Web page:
Inter-generational co-residence and women's work and leisure time in egypt

Nadia Diamond-Smith, David M Bishai, Omaima El Gibaly

Research output: Contribution to journalArticle

Abstract

Background Labor force participation among women in Egypt remains low. Due to low fertility and increases in life expectancy, in the future women in Egypt may spend more time co-residing with aging in-laws. Past literature has suggested that in some settings co-residence allows women to enter the labor force, as mothers-in-law help care for their grandchildren, or inhibits labor force participation, when mothers-in-law reinforce traditional values or require care. There is little research on co-residence and labor supply or leisure time in Egypt, especially accounting for mother-in-law disability status. Objective This paper examines the role of intergenerational co-residence in women's work, work time, and leisure time using data on time allocation in Egypt. Methods Data were collected from 548 women with a living mother-in-law: 291 co-residing their mother-in-law and 257 not. Survey data included work status, a 24-hour time diary, and a health assessment of the mother-in-law. Multivariate regression models predicted work, work time, and leisure time use using standard models. Results Co-residing with a disabled mother-in-law was associated with decreased odds of women working and fewer minutes spent working a day. Leisure time was not associated with the co-residence and disability status of a mother-in-law. Factors relatedto couples' relationships and the woman's views on gender norms were also associated with women working. Conclusions Co-residence appears to be associated with women's work, depending on the disability status of the co-residing mother-in-law. If increased life expectancy is associated with more time spent in a disabled state for mothers-in-law, this could put downward pressure on women's work in this setting.

Original languageEnglish (US)
Pages (from-to)909-938
Number of pages30
JournalDemographic Research
Volume33
Issue number1
DOIs
StatePublished - 2015

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leisure time
women's work
Egypt
Law
working woman
labor force participation
disability
life expectancy
grandchild
labor supply
labor force
time
fertility
regression

ASJC Scopus subject areas

  • Demography

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Inter-generational co-residence and women's work and leisure time in egypt. / Diamond-Smith, Nadia; Bishai, David M; Gibaly, Omaima El.

In: Demographic Research, Vol. 33, No. 1, 2015, p. 909-938.

Research output: Contribution to journalArticle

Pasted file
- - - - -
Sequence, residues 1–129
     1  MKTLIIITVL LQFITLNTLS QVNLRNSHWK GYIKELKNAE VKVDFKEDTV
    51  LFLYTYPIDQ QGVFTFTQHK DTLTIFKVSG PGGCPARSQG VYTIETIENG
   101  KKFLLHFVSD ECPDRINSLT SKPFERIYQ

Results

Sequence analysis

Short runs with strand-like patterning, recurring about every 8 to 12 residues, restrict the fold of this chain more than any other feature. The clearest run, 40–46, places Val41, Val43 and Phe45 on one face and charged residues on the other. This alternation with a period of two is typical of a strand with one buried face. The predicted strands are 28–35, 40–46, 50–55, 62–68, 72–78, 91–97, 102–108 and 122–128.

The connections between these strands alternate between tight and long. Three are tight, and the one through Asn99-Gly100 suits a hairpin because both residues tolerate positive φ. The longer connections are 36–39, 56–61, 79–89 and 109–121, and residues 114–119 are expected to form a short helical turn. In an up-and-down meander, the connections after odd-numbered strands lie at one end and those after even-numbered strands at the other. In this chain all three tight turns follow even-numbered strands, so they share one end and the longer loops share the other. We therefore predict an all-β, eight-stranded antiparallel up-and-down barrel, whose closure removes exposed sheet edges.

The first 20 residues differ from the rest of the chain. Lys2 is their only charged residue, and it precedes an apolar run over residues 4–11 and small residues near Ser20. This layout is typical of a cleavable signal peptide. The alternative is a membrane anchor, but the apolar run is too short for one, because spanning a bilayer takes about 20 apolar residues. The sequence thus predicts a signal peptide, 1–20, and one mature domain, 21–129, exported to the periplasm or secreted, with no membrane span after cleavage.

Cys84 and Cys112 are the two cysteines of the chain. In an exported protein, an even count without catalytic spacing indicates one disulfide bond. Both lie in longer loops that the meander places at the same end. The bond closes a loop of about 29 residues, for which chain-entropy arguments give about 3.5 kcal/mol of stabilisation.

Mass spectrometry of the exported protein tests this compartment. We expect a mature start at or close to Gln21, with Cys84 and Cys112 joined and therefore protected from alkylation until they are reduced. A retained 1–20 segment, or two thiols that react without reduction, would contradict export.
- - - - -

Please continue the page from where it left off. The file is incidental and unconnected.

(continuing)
Diamond-Smith, Nadia ; Bishai, David M ; Gibaly, Omaima El. / Inter-generational co-residence and women's work and leisure time in egypt. In: Demographic Research. 2015 ; Vol. 33, No. 1. pp. 909-938.
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AB - Background Labor force participation among women in Egypt remains low. Due to low fertility and increases in life expectancy, in the future women in Egypt may spend more time co-residing with aging in-laws. Past literature has suggested that in some settings co-residence allows women to enter the labor force, as mothers-in-law help care for their grandchildren, or inhibits labor force participation, when mothers-in-law reinforce traditional values or require care. There is little research on co-residence and labor supply or leisure time in Egypt, especially accounting for mother-in-law disability status. Objective This paper examines the role of intergenerational co-residence in women's work, work time, and leisure time using data on time allocation in Egypt. Methods Data were collected from 548 women with a living mother-in-law: 291 co-residing their mother-in-law and 257 not. Survey data included work status, a 24-hour time diary, and a health assessment of the mother-in-law. Multivariate regression models predicted work, work time, and leisure time use using standard models. Results Co-residing with a disabled mother-in-law was associated with decreased odds of women working and fewer minutes spent working a day. Leisure time was not associated with the co-residence and disability status of a mother-in-law. Factors relatedto couples' relationships and the woman's views on gender norms were also associated with women working. Conclusions Co-residence appears to be associated with women's work, depending on the disability status of the co-residing mother-in-law. If increased life expectancy is associated with more time spent in a disabled state for mothers-in-law, this could put downward pressure on women's work in this setting.

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